YouTube announced partnerships with Sony Pictures and other Hollywood studios and rolled out new platforms to feature television shows and full-length movies.
Google-owned YouTube, which has been cautiously adding more professional content to a website that started as a venue for amateur videos, unveiled a new destination for television shows and an expanded platform for movies.
Youtube.com/shows, which went live late Thursday, features television programs from companies such as BBC Worldwide, CBS, Discovery Networks, Lionsgate, Metro Goldwyn Mayer, National Geographic, PBS, Sony's Crackle, Starz and others.
Youtube.com/movies features movies from Lionsgate, MGM, Starz and other studios.
"This addition is one of many efforts underway to ensure that we're offering you all the different kinds of video you want to see, from bedroom vlogs and citizen journalism reports to music videos and full-length films and TV shows," YouTube said in a post on the official company blog.
The television shows and movie destinations are currently limited to users in the United States but YouTube said "we look forward to expanding to other regions as soon as possible."
YouTube and the studios are to share advertising revenue on the sites and Google simultaneously on Thursday announced the launch of Google TV Ads Online, which allows advertisers to place commercials into the ad breaks of television shows being watched online.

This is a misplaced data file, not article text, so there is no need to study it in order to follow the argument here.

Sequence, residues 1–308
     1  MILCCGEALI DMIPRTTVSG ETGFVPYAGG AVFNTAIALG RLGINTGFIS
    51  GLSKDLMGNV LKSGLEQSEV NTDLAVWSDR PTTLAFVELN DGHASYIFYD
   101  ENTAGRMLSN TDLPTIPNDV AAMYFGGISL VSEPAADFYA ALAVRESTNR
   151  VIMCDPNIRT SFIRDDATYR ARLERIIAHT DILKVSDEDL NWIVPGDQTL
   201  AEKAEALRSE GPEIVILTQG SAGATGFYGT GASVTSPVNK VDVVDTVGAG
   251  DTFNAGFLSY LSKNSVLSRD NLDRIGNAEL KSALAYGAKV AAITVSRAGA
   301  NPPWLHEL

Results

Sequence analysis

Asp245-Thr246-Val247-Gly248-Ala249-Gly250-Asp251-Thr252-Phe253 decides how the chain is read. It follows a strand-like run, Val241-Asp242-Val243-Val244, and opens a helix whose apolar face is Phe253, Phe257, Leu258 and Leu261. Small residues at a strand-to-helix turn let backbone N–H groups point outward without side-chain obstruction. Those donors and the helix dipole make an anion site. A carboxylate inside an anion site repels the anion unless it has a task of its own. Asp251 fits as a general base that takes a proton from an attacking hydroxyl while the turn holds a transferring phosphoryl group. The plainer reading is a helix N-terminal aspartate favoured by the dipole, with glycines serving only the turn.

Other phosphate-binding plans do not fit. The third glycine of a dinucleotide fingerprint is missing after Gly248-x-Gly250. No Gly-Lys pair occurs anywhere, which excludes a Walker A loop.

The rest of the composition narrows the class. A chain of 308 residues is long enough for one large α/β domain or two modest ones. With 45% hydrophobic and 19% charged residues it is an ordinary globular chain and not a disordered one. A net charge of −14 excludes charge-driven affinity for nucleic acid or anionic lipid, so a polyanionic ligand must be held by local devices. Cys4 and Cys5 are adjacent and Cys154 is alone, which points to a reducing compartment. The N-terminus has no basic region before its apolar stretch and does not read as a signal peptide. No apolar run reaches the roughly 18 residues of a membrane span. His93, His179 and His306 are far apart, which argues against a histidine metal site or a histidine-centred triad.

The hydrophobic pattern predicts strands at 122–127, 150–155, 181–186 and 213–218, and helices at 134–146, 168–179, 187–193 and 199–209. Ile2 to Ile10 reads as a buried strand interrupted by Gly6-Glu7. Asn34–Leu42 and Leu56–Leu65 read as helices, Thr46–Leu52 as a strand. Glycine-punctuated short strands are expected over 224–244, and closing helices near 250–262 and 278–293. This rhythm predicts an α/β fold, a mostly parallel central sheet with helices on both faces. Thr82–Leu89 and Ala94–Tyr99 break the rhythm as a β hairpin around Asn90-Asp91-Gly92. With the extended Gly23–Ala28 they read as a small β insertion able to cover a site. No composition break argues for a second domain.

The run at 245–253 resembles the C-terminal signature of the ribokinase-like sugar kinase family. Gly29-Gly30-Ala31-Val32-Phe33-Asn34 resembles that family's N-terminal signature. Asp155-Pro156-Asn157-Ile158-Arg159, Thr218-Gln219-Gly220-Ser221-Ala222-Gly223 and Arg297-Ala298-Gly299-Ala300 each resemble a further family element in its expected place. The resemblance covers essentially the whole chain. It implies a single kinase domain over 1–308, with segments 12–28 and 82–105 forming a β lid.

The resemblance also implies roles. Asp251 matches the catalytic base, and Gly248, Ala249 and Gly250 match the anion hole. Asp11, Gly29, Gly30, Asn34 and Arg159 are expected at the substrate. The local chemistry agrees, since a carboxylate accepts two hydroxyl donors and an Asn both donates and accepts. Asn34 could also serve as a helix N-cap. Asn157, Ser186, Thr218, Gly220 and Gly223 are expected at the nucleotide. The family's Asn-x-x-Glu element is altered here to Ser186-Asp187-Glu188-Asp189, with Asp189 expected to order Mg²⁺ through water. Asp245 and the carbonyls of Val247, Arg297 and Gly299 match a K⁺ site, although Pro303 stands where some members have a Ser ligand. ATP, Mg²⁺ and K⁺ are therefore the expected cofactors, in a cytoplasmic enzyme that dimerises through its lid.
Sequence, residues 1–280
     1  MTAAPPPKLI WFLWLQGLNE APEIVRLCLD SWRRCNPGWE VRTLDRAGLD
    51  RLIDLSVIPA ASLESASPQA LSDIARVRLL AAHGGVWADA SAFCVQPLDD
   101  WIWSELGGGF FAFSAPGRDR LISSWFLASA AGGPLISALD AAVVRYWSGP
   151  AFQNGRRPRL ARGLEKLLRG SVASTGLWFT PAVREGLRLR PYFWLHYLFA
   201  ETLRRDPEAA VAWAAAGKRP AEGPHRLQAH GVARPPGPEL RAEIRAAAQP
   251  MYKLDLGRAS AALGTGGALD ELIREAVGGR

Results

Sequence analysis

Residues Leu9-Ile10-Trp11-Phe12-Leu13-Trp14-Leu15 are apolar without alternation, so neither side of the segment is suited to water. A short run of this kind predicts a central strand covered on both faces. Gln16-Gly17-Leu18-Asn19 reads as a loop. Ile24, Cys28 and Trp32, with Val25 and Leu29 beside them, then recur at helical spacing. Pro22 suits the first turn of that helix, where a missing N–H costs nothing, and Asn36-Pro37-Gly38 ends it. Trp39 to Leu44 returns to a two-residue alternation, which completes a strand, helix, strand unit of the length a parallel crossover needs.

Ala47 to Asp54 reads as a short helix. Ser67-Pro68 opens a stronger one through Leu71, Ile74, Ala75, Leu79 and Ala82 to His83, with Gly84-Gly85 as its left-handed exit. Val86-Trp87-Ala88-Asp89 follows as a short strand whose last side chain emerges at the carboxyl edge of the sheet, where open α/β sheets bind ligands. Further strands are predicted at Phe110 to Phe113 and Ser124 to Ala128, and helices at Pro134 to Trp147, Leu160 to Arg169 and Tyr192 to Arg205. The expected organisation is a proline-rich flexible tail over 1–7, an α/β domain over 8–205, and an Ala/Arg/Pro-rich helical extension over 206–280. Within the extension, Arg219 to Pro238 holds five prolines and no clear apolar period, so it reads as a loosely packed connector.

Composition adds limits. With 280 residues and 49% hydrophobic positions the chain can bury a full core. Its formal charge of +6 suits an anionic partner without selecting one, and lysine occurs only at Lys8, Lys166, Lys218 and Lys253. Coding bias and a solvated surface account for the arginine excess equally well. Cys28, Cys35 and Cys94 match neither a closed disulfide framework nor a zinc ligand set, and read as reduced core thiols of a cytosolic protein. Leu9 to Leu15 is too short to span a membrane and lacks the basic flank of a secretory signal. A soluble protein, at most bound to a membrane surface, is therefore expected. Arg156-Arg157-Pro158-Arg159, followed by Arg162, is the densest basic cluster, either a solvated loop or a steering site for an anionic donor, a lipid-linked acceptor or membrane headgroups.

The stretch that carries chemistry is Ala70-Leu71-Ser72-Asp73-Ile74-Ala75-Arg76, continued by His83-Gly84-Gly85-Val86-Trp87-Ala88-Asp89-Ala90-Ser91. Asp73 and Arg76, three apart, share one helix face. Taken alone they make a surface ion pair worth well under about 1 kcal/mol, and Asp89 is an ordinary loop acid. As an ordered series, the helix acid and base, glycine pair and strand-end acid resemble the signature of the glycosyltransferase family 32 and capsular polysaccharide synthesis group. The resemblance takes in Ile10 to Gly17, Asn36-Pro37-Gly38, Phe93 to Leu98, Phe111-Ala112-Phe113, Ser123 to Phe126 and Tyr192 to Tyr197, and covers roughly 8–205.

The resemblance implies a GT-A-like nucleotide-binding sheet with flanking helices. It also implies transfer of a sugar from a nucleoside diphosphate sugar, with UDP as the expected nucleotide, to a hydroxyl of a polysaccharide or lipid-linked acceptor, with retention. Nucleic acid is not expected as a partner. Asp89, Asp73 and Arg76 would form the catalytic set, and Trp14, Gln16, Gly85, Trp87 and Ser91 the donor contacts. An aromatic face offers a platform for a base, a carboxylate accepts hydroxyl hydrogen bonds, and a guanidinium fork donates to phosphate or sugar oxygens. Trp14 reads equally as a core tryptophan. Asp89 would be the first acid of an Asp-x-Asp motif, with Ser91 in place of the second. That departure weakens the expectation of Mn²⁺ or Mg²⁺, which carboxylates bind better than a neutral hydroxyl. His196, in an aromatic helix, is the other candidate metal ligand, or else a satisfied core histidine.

The move to expand YouTube's menu of professional content is the latest attempt by Google to generate revenue from the immensely popular video-sharing site which it purchased for 1.65 billion dollars in 2006.
It also comes as YouTube faces increasing competition from services such as Apple's iTunes and websites such as Hulu, a partnership between NBC Universal and News Corp.'s Fox, which air full-length television shows.
Earlier this month, Universal Music Group and YouTube announced plans to launch a music video website, VEVO.com, featuring artists from the world's largest music company.
Music videos are among the most popular content on YouTube and Universal's channel is already the most-watched on the site with more than 3.5 billion views.
Mountain View, California-based Google has been striving for ways to make money on YouTube while avoiding alienating notoriously transient Web users and assuring film and music studios that copyrights are being respected.
The number of US Internet users watching videos at YouTube hit a new monthly high in January, topping 100 million, according to research firm comScore.
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